Not all smartphone users are created equal. Those who use iPhones are more apt to buy apps, a new report from AdMob says.
Roughly half of iPhone users purchase at least one app per month from Apple's
RIM's BlackBerry OS was responsible for just 5% of smartphone traffic in January, or one-tenth of Apple's share. Perhaps that's why Mike Lazaridis, RIM's co-CEO, has called for penalizing the iPhone. Palm's webOS accounted for 2% of global traffic, the same as Microsoft's
No matter. Regardless of what Lazaridis says, data usage isn't the issue here. AT&T
No, the big issue for its competitors is that the iPhone attracts bigger spenders. Combine that with its platform-sharing cousin, the iPod touch, which has 35% of users paying for an app per month, and you have a huge problem for Apple's rivals.
Developers, on the other hand, must love data like this. They're stuck with too many smartphone platforms to choose from. Knowing where the money is should make it easier for them to decide which OSes to write code for. (Platforms are only as good as the dollars they attract, after all.)
Put differently: If developers haven't created more software for Palm and RIM, it's because their mobile OSes -- good though they may be -- show no signs of being the moneymakers that the iPhone has already proven to be.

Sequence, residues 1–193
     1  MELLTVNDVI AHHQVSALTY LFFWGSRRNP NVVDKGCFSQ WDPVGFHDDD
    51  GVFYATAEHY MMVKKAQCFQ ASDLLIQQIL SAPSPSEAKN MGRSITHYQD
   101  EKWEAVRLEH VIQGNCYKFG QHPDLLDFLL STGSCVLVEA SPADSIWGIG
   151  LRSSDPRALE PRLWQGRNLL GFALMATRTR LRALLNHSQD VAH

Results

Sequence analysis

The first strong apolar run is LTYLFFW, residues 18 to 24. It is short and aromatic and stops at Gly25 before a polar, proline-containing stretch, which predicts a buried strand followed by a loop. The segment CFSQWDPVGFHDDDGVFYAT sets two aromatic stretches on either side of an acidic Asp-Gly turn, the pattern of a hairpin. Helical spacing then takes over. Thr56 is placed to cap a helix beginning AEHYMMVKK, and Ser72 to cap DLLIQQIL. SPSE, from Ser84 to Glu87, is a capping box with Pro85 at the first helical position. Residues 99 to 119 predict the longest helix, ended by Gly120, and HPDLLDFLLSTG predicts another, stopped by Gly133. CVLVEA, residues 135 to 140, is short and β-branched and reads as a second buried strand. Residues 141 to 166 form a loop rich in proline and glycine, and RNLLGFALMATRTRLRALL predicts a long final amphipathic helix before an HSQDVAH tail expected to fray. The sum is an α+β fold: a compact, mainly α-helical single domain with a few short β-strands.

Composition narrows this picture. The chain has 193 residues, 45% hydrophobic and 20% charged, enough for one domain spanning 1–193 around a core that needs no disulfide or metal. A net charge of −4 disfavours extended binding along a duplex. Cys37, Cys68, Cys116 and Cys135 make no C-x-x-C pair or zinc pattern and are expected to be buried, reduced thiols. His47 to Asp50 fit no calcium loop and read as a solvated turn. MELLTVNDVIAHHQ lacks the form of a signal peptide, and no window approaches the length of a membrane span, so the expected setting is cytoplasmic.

That's why I continue to short both stocks in my Motley Fool CAPS portfolio. Think I'm wrong? Kick up some dust in the comment box below.
Apple is a Motley Fool Stock Advisor selection. Google is a Motley Fool Rule Breakers recommendation. Microsoft is a Motley Fool Inside Value pick. Motley Fool Options has recommended a diagonal call position on Microsoft. Try any of our Foolish newsletter services free for 30 days.
Fool contributor Tim Beyers is a member of the Rule Breakers stock-picking team. He had stock and options positions in Apple and a stock position in Google at the time of publication. Check out Tim's portfolio holdings and Foolish writings, or connect with him on Twitter as @milehighfool. The Motley Fool is also on Twitter as @TheMotleyFool. The Fool's disclosure policy is waving at you. See?
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